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During 2016,Brookfield Infrastructure Partners (NYSE: BIP) invested more than $2.8 billion in capital across several growth projects and strategic acquisitions, fueling double-digit year-over-year earnings growth. That growth enabled the company to announce an 11% increase in its distribution for 2017, marking seven straight years of double-digit increases. The company expects to continue growing in 2017 and beyond thanks to a rich pipeline of investment opportunities.
Brookfield Infrastructure Partners results: The raw numbers
Data source: Brookfield Infrastructure Partners. FFO = funds from operations. YOY = year over year.
What happened with Brookfield Infrastructure Partners this quarter?
Energy and transportation continued to drive results:
- Brookfield's energy segment fueled growth this quarter, with funds from operations rocketing 160% to $52 million. Powering those results was the company's partnership with natural gas pipeline giant Kinder Morgan (NYSE: KMI) to increase its stake in the Natural Gas Pipeline Company of America, which boosted its share of that system's earnings. In addition, the Kinder Morgan-Brookfield partnership invested capital to de-lever the business and expand its reach, which provided additional earnings during the quarter. Brookfield's energy segment also benefited from the recent acquisition of a natural gas storage business. Overall, full-year energy segment earnings jumped 94.4% thanks to those investments, and the company saw a 16% increase in same-store earnings across its various entities.
- Brookfield's transportation segment was the other driver of FFO growth during the quarter, with its FFO rising 21.1% to $115 million. Several transactions propelled that growth, including an incremental investment in its Brazilian toll road business, new toll road investments in India and Peru, and the acquisition of an Australian ports business. These acquisitions, as well as higher tariffs and volumes across its other operations, drove a 12% increase in full-year FFO to $423 million.
- Utilities segment FFO slipped during the quarter, falling 3% to $97 million primarily thanks to the sale of two transmission businesses. However, full-year FFO increased 8% to $399 million, benefiting from inflation indexation and the commissioning of several growth projects.
- Finally, FFO in the communications segment remained steady at $20 million. For the full year, FFO increased 28.3% to $77 million, although that's because Brookfield did not acquire this business until March of 2015.
What management had to say
CEO Sam Pollock commented on the company's full-year results, noting:
Brookfield Infrastructure Partners spent about $850 million on growth projects in 2016, which not only increased FFO last year, but will supply steady earnings for years to come. One project worth noting was the completion of the Chicago market expansion project within its Kinder Morgan joint venture. The project cost just $75 million, which was 10% below budget, and it will increase Brookfield's FFO by $10 million on an annual basis. Overall, the company delivered organic full-year FFO growth of 10% supported by growth projects, improving volumes, and higher rates.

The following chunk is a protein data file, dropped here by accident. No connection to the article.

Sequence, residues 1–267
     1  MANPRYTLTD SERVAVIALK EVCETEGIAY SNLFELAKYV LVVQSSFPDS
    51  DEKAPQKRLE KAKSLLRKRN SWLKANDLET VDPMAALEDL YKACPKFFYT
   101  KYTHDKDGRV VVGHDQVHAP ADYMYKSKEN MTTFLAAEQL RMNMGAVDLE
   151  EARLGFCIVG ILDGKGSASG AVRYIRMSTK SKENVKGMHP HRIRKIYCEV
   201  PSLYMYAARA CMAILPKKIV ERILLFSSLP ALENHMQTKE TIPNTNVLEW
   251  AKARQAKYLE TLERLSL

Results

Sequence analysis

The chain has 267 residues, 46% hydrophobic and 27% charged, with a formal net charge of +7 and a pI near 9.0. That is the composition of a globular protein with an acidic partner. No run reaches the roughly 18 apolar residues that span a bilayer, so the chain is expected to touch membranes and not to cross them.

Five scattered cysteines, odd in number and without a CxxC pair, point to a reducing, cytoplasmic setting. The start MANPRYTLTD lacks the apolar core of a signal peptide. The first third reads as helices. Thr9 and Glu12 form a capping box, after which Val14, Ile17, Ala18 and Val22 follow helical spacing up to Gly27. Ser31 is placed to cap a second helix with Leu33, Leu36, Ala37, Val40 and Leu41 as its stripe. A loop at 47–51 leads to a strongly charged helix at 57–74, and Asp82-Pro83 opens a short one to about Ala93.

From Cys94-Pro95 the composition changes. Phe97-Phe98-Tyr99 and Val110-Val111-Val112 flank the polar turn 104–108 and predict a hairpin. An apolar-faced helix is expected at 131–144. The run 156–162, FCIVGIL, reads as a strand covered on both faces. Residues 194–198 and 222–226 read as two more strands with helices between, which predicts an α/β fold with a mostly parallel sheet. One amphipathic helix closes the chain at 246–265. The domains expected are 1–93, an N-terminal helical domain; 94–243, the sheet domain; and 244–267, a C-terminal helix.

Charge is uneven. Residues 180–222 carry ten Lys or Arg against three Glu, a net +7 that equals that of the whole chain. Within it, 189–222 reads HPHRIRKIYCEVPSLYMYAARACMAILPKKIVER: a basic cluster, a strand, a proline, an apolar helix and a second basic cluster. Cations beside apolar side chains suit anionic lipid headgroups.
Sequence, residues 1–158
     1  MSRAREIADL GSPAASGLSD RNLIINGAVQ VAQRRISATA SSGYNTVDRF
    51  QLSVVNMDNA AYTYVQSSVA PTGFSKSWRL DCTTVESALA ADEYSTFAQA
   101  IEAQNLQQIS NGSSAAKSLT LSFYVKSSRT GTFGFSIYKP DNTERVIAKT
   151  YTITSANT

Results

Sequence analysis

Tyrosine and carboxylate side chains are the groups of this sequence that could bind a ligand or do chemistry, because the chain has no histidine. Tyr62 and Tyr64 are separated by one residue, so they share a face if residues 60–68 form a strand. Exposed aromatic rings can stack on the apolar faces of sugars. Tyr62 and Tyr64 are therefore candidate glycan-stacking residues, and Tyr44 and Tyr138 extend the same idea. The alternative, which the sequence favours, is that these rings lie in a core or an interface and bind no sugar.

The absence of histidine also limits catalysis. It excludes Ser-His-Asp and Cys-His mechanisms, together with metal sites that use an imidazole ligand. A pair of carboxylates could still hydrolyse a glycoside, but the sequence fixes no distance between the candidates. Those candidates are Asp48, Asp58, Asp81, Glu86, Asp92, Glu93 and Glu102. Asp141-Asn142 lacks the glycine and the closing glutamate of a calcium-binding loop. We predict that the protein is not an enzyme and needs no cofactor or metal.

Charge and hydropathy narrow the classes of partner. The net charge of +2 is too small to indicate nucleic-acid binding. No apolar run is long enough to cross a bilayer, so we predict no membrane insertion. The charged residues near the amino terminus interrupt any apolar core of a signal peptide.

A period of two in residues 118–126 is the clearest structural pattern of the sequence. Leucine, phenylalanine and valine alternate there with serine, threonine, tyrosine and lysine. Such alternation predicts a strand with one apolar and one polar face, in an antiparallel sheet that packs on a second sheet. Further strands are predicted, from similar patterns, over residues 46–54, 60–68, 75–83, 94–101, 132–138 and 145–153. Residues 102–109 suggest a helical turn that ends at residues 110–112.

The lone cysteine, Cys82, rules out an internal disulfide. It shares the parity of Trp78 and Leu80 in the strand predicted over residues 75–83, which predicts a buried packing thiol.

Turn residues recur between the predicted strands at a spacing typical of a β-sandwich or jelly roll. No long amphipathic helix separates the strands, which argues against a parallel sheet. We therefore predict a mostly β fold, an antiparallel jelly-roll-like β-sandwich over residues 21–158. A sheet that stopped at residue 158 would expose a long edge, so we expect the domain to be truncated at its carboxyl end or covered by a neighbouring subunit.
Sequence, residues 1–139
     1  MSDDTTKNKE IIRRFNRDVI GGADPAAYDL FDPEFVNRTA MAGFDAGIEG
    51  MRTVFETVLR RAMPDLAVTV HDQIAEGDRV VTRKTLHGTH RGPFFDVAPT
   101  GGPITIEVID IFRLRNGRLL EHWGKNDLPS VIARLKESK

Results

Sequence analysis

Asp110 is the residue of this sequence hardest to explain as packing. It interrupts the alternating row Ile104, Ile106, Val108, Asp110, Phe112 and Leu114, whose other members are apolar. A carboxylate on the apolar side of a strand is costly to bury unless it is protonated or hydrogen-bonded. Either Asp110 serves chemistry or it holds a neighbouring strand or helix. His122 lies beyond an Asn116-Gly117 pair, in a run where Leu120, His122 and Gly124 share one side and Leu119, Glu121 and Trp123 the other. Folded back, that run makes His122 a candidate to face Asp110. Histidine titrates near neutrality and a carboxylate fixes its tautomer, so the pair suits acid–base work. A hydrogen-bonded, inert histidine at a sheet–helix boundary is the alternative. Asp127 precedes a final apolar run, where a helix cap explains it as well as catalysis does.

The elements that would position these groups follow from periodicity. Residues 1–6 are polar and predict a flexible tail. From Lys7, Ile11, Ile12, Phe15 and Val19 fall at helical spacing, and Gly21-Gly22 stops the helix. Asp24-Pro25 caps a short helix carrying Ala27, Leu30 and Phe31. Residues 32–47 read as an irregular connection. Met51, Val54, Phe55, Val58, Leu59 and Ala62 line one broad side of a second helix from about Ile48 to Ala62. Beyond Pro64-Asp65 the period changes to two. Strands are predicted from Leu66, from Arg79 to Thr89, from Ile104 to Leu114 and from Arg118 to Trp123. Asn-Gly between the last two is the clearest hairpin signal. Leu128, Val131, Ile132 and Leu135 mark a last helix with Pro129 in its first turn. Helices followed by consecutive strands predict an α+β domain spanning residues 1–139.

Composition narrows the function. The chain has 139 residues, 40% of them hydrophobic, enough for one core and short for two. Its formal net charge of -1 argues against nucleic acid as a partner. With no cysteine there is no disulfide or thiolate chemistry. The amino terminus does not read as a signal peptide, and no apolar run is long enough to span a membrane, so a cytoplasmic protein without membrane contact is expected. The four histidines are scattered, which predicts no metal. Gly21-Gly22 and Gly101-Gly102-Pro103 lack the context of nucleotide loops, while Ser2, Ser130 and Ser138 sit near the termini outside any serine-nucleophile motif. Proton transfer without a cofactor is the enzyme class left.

Acquisitions supplied the rest of the company's growth last year. While it completed several deals across its portfolio, the transportation segment was particularly active. The company not only boosted its Brazilian toll roads stake, it also added new toll road businesses in Peru and India. Brookfield has focused muchof its attention on those three geographies over the past year, which has added new acquisitionopportunities to its pipeline.
The largest-scale investment in that pipeline is the company's pending purchase of a stake in a natural gas transmission system in Brazil from oil giant Petrobras (NYSE: PBR). Brookfield will invest $1.3 billion to acquire about 28% of the Petrobras system, which is up from the 20% stake it initially expected to buy.
Brookfield also plans to invest up to $200 million to acquire an interest in a telecom tower business in India. It's participating in a consortium to buy an entity that currently controls 10% of that nation's towers. The company is also exploring several other opportunities to expand its global tower business over the next year.
Finally, Brookfield expects to close the acquisition of a water irrigation system in Peru shortly. While it's only investing $15 million in the transaction, it is acquiring a high-quality business for a good value as it continues to expand its water business.
In addition to these transactions, Brookfield has its eye on two trends that could lead to additional deals over the next few years. First, it sees the potential to invest in Mexico thanks to the increased uncertainty in that nation as a result of the wave of protectionism in America. That situation caused the Mexican peso to drop to its lowest level since 1994, and it has slowed down foreign investment, which could open up the door for Brookfield to make acquisitions in the country on a value basis. Second, it sees corporations increasingly likely to sell non-core infrastructure assets so they can fund their capital program, similar to its deal for Petrobras' gas transmission business. In particular, it sees the likelihood for additional corporate carve-outs in the North American energy and Indian telecom sectors. Needless to say, Brookfield sees no shortage of opportunities to expand its global infrastructure portfolio.
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Matt DiLallo owns shares of Brookfield Infrastructure Partners and Kinder Morgan and has the following options: short January 2018 $30 puts on Kinder Morgan and long January 2018 $30 calls on Kinder Morgan. The Motley Fool owns shares of and recommends Kinder Morgan. The Motley Fool recommends Brookfield Infrastructure Partners. The Motley Fool has a disclosure policy.